Social Media as a Collaborative Work Space

One of the big challenges for organisations internally is the management of knowledge, this often seems to sit with individuals rather than collectively in the organisation. This is often most clearly highlighted when a single employee in a key position moves on and takes the knowledge and experience with them, the learning process seems to reset and somebody new has to acquire that knowledge and experience from scratch (and starts the process of isolating that knowledge all over again). This process of knowledge isolation is further exacerbated when the ‘organisation’ isn’t one team or even one company, but a group working externally of the company. In these cases the knowledge and experiences are still held individually but in a chain where any individual can effectively break the organisation if they leave or even change role inside their own company.

The good news is that there is a way of working that greatly reduces the risk of knowledge isolation and strengthens the bonds that can form between individuals, teams and organisations. It’s not about the technology but the working principles, but the technology, and particularly disruptive technologies, have really opened up this way of working to individuals, teams and organisations in a way they never have before. Before we get into the technology, let’s start by looking at the way of working, the process that allows for this knowledge sharing and building. You may have heard of ‘Working out Loud’ or WoL. It’s usually credited to John Stepper who coined the phrase and made it widely accepted as a working practice with his formal steps approach to a better way of working. But Stepper himself would readily confess that the idea isn’t really a new one or his invention per se, WoL has been around for a lot longer than the last few years and the principles on which it is based are timeless; it’s about working in a way where people can see what you’re working on and where you are, contribute and collaborate — all in the open. Now if that sounds overly simplistic and easy to do it really is, but the vast majority of work done in organisations is not done in this manner. It’s usually individual work done on individual drives (or sometimes shared drives) then emailed backwards and forwards at various stages of completion or (commonly) just upon completion of the task in hand.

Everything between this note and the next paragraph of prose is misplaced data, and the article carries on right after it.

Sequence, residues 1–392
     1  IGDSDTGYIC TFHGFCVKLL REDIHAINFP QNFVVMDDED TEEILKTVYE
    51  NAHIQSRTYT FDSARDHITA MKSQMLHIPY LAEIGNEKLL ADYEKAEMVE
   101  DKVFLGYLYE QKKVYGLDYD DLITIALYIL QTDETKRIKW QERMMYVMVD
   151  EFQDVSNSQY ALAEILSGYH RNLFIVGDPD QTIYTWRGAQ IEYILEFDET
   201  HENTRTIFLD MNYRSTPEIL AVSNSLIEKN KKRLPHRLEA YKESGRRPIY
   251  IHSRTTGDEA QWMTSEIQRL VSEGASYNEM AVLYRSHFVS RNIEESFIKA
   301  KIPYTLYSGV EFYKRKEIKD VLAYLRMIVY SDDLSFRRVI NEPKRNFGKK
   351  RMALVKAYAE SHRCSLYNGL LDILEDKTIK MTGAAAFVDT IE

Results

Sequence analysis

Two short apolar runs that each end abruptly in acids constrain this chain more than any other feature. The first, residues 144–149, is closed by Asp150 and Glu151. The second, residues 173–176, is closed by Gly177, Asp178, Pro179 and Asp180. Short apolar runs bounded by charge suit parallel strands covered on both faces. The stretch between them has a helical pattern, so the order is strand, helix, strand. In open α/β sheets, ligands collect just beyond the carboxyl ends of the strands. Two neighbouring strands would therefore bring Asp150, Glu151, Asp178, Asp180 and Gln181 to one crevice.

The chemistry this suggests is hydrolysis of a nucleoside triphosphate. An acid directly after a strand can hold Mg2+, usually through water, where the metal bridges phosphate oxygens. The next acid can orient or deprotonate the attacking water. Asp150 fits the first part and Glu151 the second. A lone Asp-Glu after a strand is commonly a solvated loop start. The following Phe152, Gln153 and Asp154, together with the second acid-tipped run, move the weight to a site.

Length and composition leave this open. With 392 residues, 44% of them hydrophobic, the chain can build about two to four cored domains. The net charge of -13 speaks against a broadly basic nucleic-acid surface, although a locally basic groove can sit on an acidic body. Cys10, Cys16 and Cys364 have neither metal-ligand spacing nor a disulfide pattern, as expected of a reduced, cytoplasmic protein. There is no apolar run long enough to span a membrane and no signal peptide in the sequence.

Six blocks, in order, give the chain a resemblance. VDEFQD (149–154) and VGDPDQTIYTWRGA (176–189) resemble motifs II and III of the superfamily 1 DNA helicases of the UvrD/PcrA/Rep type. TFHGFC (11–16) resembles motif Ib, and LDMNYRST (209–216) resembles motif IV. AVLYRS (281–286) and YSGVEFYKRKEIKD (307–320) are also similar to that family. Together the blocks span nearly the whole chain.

One of the great things about WoL is that you suddenly remove a lot of pressure off an individual to come up with solutions to things entirely on their own. A project manager’s job is to look after the processes in coming to a solution, but often a project manager is the one who comes up with the solution and even delivers most of the deliverables along the way. If you’re running a project, the key is not to do all the work yourself, but to work collaboratively with the other members of the team, that’s not only easier but more likely results in a better outcome that has more input from people with the knowledge needed. The whole WoL process also involves truly adopting a continuous improvement approach.

There’s another principle you’ve probably heard of called ‘perpetual beta’. It comes from the software world where a beta release is something that’s not quite perfect yet, still has some bugs that need ironing out and generally needs wider input to get it there. Perpetual beta refers to a state that we understand that we never actually get to ‘perfect’ and that we are always working in the state where we seek feedback and are looking to improve. Combine perpetual beta and WoL what we get is a collaborative state where we work out in the open accepting input and feedback to look to constantly improve. Sure most businesses are solutions orientated, but we should be aware that even when we reach a solution, it’s not the end of the story, there are always ways to improve upon our solution. Again software development is a good example of this, the World’s most successful companies like Apple, Microsoft, Facebook, Amazon and Google don’t have software that stands still, they adapt and release new versions either as point releases (like iOS, Windows or Office) or a continuously updating live offering (Amazon, Google, Facebook etc). So our solutions should be the same, they should not be the end of the journey, but milestones along it (point releases) or at least part of the path (continuously updating live).

So here’s where software and disruptive technology not only shows us a way, it also provides the tools for us to be able to WoL in perpetual beta to follow the true process of continuous improvement. The term disruptive technologies may sound scary, but it simply means they are technologies that allow us to break away from traditional enterprise models of using IT, suddenly we’re not at the mercy of our overly controlling IT departments, but can use the cloud (or internet or web) to access services that allow us to work together like never before — and often for free. Disruptive technologies generally follow three key principles for working; any time, any where and any device. What that means is that we can access them at any time of the day or night, from any location and using mobile devices, computers and whatever technologies we may wear or carry in the future. Disruptive technologies are cloud based so they run in browsers or with apps, they typically don’t require you to install hefty software programs on your local machine (though there are often apps as well), they don’t take long to load or are processor heavy in the same way as traditional programs. They also place controls in the hands of those that need it and often (and particularly for us seeking to work collaboratively) that allows us to have the control in the hands of each individual in the team. Control to share what you want when you want with who you want without needing to fire off a ticket request to some faceless administrator (hopefully in the times that they are supporting).